Another important feature of the chromosomal response to radiation is the postirradiation period during which initial DNA damage is fixed and then expressed in the form of aberrations such as dicentric chromosomes. On the basis of direct observation and theory, the conventional cytogenetic view is that all such chromosomal damage sustained within a given cell cycle will be fixed and then expressed at the first postirradiation mitosis. Accordingly, Carrano and Heddle (1973) predicted that the dicentric aberration frequency will fall by a factor of around 2 per cell division on the basis that at each mitotic anaphase, a given dicentric has an equal chance of falling free or producing a lethal anaphase bridge. This prediction has been tested as part of a recent study (Pala and others 2001) that showed dicentric yields falling by up to a factor of 4 between the first and second postirradiation cell division. It seems therefore that the vast majority of initial unrepaired and misrepaired lesions are expressed as chromosomal damage at the first division. Cells carrying unbalanced chromosomal exchanges (dicentrics) or substantial chromosomal losses are not expected to contribute to the viable postirradiation population. By contrast, cells carrying small deletions or balanced exchanges such as reciprocal translocations are likely to remain viable, and some may have the potential to contribute to tumor development.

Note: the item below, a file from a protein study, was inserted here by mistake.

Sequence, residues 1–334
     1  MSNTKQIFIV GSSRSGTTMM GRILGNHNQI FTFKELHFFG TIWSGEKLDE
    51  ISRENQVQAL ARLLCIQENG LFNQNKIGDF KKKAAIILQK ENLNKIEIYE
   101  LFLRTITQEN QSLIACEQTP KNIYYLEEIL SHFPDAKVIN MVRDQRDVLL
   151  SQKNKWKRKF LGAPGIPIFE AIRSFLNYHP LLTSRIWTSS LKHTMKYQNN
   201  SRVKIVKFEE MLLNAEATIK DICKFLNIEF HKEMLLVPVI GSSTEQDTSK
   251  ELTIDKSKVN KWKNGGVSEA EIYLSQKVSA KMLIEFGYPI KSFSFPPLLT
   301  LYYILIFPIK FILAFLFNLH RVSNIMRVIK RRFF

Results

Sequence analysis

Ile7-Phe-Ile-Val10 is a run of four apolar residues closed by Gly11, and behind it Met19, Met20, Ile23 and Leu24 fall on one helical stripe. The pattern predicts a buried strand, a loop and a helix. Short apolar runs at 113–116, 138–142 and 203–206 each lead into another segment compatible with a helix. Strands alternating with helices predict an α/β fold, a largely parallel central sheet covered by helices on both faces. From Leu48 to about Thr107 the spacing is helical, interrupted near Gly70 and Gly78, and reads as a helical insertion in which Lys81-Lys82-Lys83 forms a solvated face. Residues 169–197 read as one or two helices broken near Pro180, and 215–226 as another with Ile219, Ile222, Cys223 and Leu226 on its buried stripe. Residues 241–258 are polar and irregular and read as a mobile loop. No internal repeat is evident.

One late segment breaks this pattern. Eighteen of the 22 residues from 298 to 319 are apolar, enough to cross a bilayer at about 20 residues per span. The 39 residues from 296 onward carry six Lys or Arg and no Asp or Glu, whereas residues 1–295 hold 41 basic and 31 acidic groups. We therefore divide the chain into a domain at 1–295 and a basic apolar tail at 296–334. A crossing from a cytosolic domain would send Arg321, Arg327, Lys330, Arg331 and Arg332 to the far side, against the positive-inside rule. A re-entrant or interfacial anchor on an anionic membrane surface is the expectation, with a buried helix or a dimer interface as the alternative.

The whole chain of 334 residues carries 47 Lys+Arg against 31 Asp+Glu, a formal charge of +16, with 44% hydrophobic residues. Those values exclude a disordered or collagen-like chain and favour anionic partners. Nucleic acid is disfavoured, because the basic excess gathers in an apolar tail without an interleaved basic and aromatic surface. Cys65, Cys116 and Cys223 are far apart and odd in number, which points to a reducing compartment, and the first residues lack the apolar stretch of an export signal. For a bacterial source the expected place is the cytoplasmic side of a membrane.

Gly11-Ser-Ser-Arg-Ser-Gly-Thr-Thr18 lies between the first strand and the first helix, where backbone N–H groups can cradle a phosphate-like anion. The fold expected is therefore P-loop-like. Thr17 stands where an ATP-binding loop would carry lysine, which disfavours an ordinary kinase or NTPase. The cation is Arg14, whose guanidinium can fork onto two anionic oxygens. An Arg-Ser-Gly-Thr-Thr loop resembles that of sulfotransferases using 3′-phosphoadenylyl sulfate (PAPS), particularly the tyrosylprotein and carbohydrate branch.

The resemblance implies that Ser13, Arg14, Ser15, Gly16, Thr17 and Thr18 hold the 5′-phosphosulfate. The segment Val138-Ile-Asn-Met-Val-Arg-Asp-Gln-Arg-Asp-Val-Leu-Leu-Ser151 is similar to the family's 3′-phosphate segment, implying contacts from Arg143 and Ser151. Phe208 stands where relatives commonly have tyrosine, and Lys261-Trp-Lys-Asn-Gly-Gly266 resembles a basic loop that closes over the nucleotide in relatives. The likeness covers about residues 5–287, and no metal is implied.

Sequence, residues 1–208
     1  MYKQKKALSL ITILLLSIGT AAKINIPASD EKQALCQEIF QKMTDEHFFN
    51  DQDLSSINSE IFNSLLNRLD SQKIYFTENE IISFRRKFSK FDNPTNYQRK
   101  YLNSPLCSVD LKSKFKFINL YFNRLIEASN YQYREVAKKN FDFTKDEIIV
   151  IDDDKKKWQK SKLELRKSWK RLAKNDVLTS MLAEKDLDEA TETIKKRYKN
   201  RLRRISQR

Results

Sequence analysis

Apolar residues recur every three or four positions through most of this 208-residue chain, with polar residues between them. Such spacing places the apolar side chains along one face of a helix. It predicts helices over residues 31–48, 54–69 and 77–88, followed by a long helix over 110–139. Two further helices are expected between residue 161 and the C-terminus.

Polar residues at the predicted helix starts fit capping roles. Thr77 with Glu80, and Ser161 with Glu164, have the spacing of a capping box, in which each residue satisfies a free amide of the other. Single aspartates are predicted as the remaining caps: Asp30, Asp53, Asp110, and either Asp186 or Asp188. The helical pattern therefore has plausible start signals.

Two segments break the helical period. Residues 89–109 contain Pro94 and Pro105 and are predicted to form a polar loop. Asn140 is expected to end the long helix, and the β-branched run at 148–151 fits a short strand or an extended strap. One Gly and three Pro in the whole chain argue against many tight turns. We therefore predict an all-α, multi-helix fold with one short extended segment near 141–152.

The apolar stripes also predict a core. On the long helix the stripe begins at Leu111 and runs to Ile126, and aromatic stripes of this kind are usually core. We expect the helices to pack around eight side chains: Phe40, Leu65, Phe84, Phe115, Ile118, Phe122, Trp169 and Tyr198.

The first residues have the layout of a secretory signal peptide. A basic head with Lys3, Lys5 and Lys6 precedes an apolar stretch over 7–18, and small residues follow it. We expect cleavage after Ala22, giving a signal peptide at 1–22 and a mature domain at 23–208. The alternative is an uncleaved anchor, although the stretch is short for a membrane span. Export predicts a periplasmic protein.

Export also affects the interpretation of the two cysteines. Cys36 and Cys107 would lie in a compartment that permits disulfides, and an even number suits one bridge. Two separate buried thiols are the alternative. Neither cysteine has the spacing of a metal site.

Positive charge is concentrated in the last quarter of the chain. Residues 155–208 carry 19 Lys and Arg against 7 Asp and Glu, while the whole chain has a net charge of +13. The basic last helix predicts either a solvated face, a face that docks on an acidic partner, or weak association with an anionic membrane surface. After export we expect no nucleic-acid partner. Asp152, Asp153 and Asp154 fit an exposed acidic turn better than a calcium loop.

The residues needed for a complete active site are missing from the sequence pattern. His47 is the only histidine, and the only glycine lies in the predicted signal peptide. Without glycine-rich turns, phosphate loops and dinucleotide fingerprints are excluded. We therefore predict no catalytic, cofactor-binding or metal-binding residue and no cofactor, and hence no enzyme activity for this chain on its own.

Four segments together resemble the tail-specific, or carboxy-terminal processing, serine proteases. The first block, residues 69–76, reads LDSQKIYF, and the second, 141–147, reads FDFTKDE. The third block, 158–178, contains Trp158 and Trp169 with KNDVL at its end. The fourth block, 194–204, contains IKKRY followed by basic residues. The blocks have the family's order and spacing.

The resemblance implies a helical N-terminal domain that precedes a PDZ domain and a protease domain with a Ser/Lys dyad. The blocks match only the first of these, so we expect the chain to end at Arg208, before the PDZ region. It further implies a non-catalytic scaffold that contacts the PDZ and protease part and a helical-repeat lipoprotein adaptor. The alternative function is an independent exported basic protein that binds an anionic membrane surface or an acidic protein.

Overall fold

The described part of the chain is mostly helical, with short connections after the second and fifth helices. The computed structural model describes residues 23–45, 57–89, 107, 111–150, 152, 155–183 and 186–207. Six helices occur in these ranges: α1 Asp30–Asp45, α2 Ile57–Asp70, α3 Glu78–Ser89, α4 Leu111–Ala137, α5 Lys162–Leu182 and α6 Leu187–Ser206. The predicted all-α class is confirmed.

Later in the chapter this conventional view is contrasted with data implying that in some circumstances, a certain fraction of irradiated cells can express chromosomal damage over many cell cycles (i.e., persistent genomic instability). The proposition that this induced instability phenotype can contribute to tumorigenesis is explored in Chapter 3.


Ionizing radiation is known to induce a broad range of potentially mutagenic lesions in DNA ranging from damaged DNA bases to frank DNA breaks and chemically complex lesion clusters (see Chapter 1). Not unexpectedly, molecular analyses of radiation-induced somatic mutations at a number of loci provide evidence of induction of point mutations in single genes and of small and large deletions that may encompass a number of physically linked genes (Sankaranarayanan 1991; Thacker 1992). An important factor in the induction and recovery of deletion-type, multilocus mutations is the degree to which multiple gene loss may be tolerated by the cell. There is good evidence that such tolerance is highly dependent on the genetic context of the mutation (i.e., its position in respect to essential genes and, for autosomal loci, the genetic status of the second gene copy on the homologous chromosome). These issues are discussed in depth elsewhere (Thacker 1992); here it is sufficient to note that genetic context can result in up to a twentyfold change in induced mutation frequencies in autosomal genes (Bradley and others 1988; Amundson and Liber 1991). There is strong molecular evidence that in most circumstances, a DNA deletion mechanism dominates mutagenic response after ionizing radiation (Sankaranarayanan 1991; Thacker 1992), and it is for this reason that the genetic context of the mutation is of great importance. In illustration of this, radiation mutagenesis in cells hemizygous (one gene copy deleted) for autosomal APRT (adenine phosphoribosyltransferase) is constrained by the proximity of an essential sequence; induced mutation frequencies are relatively low,

The National Academies | 500 Fifth St. N.W. | Washington, D.C. 20001
Copyright © National Academy of Sciences. All rights reserved.
Terms of Use and Privacy Statement